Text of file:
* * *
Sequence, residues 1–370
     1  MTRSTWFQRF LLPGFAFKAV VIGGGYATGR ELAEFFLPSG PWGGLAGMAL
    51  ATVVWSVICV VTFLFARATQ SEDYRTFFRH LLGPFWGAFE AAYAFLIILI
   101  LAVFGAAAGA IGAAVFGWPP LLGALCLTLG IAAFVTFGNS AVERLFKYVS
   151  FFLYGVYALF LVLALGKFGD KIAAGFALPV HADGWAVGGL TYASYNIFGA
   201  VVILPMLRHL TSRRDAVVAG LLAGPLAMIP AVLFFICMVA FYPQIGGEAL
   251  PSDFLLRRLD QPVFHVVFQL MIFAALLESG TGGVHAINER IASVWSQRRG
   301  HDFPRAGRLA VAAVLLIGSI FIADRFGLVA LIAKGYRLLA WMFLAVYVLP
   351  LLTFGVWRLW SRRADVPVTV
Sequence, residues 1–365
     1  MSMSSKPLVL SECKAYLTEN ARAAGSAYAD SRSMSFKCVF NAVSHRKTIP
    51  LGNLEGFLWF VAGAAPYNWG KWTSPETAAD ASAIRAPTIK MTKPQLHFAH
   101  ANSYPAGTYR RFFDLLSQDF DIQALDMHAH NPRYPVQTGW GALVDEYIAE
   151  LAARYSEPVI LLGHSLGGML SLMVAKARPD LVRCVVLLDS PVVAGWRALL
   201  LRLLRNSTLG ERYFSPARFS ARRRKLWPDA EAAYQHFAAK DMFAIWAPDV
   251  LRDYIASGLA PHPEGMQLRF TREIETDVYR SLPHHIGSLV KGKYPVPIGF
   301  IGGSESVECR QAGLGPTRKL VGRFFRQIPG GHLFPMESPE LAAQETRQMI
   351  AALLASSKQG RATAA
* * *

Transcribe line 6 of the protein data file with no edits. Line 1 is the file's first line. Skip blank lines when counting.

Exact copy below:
   201  VVILPMLRHL TSRRDAVVAG LLAGPLAMIP AVLFFICMVA FYPQIGGEAL